completely closed for the whole month of Ramadan. Also, sleeping was pretty
difficult as people were up and out and making quite a bit of noise very, very
late. I don’t know how the kids can make it through school the next day because
no one even goes home before midnight. And they have to be up before dawn if
they want to eat anything. The only way I felt constrained was not being able
to just drink water whenever and wherever I felt like. I have definitely not
been drinking enough water.

Also, I did the Island Excursion offered through Nakupendo
Tours which I would really recommend. You go visit the huge Seychelles
tortoises on Prison Island and then spend the afternoon on this sandbank where
you can snorkel, have lunch, sunbathe, etc. It was wonderful riding around in
their boat, too. I did get sunburnt, despite trying to be attentive, but it was
a wonderful day and well worth the $50.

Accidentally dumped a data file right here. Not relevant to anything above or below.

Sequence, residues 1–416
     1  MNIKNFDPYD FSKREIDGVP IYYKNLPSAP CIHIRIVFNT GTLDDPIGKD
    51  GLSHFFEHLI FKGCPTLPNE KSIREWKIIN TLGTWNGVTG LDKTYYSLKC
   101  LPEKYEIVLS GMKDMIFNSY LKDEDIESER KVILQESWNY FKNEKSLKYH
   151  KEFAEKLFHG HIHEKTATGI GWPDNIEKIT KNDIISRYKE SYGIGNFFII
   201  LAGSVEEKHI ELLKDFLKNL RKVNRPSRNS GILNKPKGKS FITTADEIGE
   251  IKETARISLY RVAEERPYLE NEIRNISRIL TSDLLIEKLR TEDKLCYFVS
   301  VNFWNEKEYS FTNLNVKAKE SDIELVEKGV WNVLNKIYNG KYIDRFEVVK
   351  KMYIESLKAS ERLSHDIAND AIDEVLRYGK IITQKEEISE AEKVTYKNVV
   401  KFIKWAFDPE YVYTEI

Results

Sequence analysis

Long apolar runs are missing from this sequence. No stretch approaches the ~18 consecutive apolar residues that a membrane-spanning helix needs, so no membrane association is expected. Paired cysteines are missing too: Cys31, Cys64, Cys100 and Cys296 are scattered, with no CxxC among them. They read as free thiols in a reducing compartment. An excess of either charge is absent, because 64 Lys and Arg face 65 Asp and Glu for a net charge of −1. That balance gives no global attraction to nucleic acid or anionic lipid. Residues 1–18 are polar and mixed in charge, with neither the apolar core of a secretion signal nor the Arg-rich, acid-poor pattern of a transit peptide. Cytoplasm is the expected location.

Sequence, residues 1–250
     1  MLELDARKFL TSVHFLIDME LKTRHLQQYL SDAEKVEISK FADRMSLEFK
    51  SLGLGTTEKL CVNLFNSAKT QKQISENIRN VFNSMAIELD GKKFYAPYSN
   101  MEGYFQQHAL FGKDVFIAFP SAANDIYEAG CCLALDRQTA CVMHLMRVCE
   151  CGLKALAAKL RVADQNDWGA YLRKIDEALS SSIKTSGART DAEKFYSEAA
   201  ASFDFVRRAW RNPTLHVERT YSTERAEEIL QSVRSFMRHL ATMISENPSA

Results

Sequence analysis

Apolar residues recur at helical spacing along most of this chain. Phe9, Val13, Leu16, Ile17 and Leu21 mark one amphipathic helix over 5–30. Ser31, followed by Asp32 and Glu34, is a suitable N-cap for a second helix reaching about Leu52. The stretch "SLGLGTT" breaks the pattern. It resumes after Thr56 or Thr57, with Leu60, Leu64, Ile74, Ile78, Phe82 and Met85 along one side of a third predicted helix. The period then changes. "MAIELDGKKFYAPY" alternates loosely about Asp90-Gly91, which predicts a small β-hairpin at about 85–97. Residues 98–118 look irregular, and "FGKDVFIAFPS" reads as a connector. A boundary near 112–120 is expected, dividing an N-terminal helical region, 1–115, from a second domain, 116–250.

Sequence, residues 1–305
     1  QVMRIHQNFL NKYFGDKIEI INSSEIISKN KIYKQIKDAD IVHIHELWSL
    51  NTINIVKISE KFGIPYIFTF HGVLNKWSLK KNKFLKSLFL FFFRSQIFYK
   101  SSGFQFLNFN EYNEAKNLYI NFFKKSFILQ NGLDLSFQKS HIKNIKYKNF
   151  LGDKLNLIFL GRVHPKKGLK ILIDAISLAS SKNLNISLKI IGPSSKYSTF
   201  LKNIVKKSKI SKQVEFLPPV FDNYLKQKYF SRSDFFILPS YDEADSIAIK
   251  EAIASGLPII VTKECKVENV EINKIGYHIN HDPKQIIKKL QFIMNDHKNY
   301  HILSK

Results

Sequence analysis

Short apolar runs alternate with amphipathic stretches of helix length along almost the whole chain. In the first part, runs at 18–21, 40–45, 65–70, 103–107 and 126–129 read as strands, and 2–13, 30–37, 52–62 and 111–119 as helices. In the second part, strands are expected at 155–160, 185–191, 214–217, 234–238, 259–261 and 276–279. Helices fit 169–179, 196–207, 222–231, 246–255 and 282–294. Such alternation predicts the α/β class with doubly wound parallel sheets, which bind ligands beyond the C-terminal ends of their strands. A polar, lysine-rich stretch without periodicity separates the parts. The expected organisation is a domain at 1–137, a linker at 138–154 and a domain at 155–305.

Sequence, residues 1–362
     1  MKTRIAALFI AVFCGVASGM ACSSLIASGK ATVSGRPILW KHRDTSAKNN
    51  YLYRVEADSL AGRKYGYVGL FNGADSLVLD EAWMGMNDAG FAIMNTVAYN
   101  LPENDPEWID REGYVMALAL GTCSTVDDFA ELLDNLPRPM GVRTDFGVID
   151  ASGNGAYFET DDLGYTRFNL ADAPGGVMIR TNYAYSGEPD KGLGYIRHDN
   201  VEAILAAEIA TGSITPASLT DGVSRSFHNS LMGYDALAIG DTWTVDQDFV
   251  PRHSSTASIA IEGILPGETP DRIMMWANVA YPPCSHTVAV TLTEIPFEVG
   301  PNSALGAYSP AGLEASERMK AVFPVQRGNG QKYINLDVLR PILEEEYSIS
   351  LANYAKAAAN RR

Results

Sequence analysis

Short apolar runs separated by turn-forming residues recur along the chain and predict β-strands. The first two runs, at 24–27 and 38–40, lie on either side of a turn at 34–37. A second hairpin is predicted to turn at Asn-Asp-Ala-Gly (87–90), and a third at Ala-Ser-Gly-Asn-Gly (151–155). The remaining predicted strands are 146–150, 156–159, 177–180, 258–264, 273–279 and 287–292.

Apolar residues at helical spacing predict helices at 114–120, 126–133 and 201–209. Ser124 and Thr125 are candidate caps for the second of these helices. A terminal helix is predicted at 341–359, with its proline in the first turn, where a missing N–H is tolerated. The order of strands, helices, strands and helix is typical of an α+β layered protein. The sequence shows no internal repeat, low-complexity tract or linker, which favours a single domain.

I’d also recommend the Spice Tour. Though I am no farmer, I
can’t even garden, I am always fascinated by agriculture and like to know where
my food comes from. On the Spice Tour you’ll get to see your spices in the wild
and some of them look nothing like what you’ve imagined, I’m sure. You also spend a bit of time on a beach as part of that tour, which is a nice end to the day.

Today I’m off to Matemwe, on the northeast side of the
island to *really* relax.


About Seth Longacre

primal health coach, vision fast guide, itinerant discalced Episcopal Deacon, barefoot runner, photographer, spiritual director, yoga teacher, minimalist, pilgrim
This entry was posted in Africa, Travel, Uncategorized. Bookmark the permalink.